An Intro To Shareholders Agreements and Aussie Resources

By Rachel Youens on Friday, November 13th, 2009

They say nowadays that a third of marriages fail, and for businesses, that rate is even higher. So consider a shareholder agreement a pre-nup for your business’s marriage to investors and shareholders. A way to ensure that you won’t lose your hat in the separation and that performance expectations are set for the relationship.

If you are registering your businesses as a company in Australia, you will have to have a shareholder’s agreement of some form. There are templates and examples you can follow, but at the end of the day a shareholders agreement is as unique as each business and you will need to make your own decisions on how much power shareholder have, how management will be run and how profits will be divided. This is a legal document, so it’s not to be handled lightly and can become extremely important in some of your company’s most important dealings such as exits and capital raising. Below, we’ll provide some basic tips and some links to templates you can learn from as your draft your own agreement.

First, some of the things your shareholders agreement needs to address….

  • The structure of the senior executive team and how they will run
  • Voting rights of shareholders and directors
  • Majority/percentage votes required for major decisions to be implemented
  • The type of decisions that require a vote between shareholders
    Common voting issues include the sale of the business, bringing in new shareholders and the hiring or firing of senior executives or directors.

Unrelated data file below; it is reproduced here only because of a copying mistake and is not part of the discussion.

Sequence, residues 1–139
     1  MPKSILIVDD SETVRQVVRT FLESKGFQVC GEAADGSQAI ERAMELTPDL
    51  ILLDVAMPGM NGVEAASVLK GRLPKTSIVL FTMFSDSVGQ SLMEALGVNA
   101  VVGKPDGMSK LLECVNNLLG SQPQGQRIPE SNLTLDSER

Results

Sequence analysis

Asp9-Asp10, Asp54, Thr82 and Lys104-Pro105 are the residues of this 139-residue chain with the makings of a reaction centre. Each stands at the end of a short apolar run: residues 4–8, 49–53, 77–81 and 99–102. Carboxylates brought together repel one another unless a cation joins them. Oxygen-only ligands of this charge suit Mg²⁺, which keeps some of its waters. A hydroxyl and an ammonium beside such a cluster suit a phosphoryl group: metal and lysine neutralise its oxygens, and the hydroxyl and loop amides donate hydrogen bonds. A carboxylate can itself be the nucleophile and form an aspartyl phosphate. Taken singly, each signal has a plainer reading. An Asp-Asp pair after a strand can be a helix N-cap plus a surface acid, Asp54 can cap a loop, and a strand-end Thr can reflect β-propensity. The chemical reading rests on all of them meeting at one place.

• What happens on a deadlock vote and how it should be resolved
  • Banking, accounting and auditing arrangements
  • Dividend policies for the distribution or retention of profits
    Set out how often dividends will be paid and how their value will be determined (e.g., as a percentage of net profits). The agreement should say when they are not to be paid – such as when working capital is required and liquidity ratios have fallen below a threshold.
  • Capital contributions and what assets are provided by each participant
  • Shareholder obligations to provide “loans” to the business
  • The type of business that will be undertaken and the planned future direction of the business
  • Parties salaries and reviews including fringe benefits
  • What happens when a party wants to exit or passes away
    Setting out formal processes that govern how shareholders can exit the business and at what price, can remove a major source of contention in private company ownership. The sale process should give existing shareholders preemptive rights to purchase the stake before it can be sold to an outsider using the valuation method set out in the agreement.
  • How shares will be valued in the event of a buy-out or sale

Much like developing a business plan, it can really help to look at the documents of those that have come before you, but i shouldn’t be a direct cut and paste because the life cycle, team and funds of each company are entirely different. Here are some example business plans from Australia to consider:

• This detailed sample from the Cunich Business Lawyers gives not only a fill-in-the-blank example of a shareholders agreement, but notations along the side that flesh out what your options are and what you should consider

• This checklist from Tresscox Partners gives a lawyers-eye view of a shareholders agreements and allows you to get a brief overview of some of the considerations they are making in the process as they draft an agreement with a business.

• A real example of a shareholders agreement for Australian company Corrections Company of Australia

• A discussion on Silicon Beach concerning shareholder agreements and costs

Although our info is researched, we aren’t lawyers so check yourself before you wreck yourself and get some professional law consultation if you have any questions.


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